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How are Injections Used for Pain?

Whether it is performed for diagnostic or pain treatment, a pain injection involves injecting local anesthetic (and sometimes a small amount of a corticosteroid) into an inflamed or painful area of the body.  In the case of an epidural injection, the medications are injected into the epidural space near the spine to reduce inflammation from a herniated disc. The epidural space is between the protective membrane (dura mater) containing the spinal cord and the bony spinal canal. When a nerve root block is performed, the medication is injected next to a nerve believed to be sending painful signals to the brain. This can tell your doctor where the pain is coming from and what is causing the pain so he/she can potentially alleviate it.

These procedures are typically performed using either fluoroscopic guidance (real-time x-ray) or ultrasound guidance.

The doctor places the needle tip at the target area and confirms proper placement of the needle visually with either the X-ray picture from the fluoroscope or with an ultrasound image. Once the needle is in the proper location, your doctor may inject a small amount of contrast (dye) to ensure correct spread. Next, a low volume anesthetic / corticosteroid solution is injected.

These procedures are typically performed using either fluoroscopic guidance (real-time x-ray) or ultrasound guidance.

The doctor places the needle tip at the target area and confirms proper placement of the needle visually with either the X-ray picture from the fluoroscope or with an ultrasound image.   Once needle is in the proper location, your doctor may inject a small amount of contrast (dye) to ensure correct spread. Next, a low volume anesthetic / corticosteroid solution is injected.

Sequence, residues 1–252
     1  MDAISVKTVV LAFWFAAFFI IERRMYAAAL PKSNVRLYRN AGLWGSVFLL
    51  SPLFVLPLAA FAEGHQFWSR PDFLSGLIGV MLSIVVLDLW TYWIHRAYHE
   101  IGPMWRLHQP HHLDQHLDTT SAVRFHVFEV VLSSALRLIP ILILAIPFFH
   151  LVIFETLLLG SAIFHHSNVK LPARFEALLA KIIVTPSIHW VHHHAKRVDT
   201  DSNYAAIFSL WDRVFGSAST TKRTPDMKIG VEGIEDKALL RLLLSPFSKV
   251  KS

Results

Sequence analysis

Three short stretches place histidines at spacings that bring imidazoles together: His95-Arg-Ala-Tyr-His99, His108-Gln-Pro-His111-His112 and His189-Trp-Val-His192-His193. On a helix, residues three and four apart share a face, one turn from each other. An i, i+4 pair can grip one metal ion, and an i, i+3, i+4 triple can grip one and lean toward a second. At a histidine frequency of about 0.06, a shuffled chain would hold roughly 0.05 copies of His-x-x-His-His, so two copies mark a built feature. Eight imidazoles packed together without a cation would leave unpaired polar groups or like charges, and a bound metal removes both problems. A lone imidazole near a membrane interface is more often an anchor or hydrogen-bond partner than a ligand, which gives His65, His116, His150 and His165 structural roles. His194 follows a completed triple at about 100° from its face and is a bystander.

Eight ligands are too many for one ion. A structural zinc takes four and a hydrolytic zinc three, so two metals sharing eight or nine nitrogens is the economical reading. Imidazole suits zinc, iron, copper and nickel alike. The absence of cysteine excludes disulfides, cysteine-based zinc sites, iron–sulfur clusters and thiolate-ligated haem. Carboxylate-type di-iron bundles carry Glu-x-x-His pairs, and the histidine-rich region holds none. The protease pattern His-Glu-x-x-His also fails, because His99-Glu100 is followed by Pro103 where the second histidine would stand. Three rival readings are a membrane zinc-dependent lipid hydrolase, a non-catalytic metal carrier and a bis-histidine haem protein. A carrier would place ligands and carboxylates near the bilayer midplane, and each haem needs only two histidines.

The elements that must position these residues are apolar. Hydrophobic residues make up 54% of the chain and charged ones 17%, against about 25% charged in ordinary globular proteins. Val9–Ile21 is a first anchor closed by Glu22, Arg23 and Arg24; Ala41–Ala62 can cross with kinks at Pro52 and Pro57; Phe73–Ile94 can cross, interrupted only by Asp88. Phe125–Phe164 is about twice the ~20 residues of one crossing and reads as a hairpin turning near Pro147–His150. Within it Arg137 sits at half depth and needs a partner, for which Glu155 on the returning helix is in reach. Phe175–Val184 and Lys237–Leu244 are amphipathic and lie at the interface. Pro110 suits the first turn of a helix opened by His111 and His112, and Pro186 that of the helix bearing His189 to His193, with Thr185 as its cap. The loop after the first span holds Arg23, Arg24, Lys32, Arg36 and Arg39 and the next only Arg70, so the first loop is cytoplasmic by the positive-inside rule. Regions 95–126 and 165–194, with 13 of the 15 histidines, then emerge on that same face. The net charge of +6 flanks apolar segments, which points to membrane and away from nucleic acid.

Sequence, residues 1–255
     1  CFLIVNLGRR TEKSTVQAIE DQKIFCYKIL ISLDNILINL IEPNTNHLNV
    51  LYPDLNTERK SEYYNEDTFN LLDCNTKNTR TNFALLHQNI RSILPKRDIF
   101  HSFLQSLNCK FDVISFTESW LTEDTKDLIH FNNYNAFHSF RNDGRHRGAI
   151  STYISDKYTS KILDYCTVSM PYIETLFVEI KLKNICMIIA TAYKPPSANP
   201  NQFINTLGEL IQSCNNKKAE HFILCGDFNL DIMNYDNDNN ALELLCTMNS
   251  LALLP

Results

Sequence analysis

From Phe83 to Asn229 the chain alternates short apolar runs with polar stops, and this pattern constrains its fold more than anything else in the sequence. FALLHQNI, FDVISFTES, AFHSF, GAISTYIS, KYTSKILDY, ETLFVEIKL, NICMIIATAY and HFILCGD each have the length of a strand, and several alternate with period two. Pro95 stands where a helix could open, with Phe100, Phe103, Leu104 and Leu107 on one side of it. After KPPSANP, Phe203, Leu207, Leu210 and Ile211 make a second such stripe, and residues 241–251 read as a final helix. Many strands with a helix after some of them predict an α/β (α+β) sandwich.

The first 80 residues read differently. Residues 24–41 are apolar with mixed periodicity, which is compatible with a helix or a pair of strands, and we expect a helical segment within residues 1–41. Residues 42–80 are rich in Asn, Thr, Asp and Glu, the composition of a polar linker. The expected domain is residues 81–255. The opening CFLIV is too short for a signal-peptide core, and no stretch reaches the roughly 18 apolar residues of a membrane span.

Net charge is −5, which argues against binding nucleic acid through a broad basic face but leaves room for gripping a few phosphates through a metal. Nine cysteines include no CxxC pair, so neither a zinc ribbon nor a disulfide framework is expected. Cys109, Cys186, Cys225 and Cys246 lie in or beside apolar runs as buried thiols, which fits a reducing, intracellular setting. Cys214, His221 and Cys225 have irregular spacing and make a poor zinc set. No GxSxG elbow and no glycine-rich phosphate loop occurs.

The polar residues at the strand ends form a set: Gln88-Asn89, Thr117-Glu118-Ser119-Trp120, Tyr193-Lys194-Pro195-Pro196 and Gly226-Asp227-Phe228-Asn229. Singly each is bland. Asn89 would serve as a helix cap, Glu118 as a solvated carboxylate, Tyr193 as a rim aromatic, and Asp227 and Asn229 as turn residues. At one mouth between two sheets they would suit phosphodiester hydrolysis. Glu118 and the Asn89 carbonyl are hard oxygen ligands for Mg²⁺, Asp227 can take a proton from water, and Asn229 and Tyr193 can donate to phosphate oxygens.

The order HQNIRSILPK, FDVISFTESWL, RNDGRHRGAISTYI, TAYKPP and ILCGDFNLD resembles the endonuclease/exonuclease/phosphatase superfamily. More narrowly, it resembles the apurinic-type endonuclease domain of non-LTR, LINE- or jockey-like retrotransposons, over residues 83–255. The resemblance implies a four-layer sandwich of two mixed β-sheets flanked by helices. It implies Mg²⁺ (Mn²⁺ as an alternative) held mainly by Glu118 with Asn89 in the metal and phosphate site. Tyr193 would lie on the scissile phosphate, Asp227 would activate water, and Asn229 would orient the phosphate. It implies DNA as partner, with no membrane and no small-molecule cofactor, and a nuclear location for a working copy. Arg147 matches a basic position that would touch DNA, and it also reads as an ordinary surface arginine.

What Injections Tell Us

One of three outcomes can be expected following a spinal injection: no pain relief; pain is relieved for a few hours, or days, and returns; or, pain is relieved, returns for a short time period, and then improves again.

Doctor talking to woman The outcome helps to identify the predominant pain generator, such as a cervical facet joint or lumbar nerve root.

When pain is relieved, the patient benefits more fully from physical therapy.

Chiropractic adjustments are more effective when guarding is reduced and range of motion is improved.

Persistent symptoms may denote the need for additional or different pain treatment interventions.

When surgery is recommended, the surgeon may depend on the results of precision diagnostic injections. A photographic image of each needle placement is typically stored in patient records.

Pain Relief

Patients whose pain is adequately relieved or reduced may undergo additional injections at specific time periods. Some patients become attuned to this and know when it is time to get an injection.

The Ainsworth Institute is Here to Help

Most physicians can refer patients dealing with chronic pain to a qualified pain specialist. Pain can be complex to treat and certain types of pain may only be well controlled after treatment by a pain specialist. The experts at Ainsworth Institute offer the most advanced pain management treatments available today, including advanced clinical trials that aren’t available to the general public. Call us today for an appointment so we can get you started on your road to recovery.

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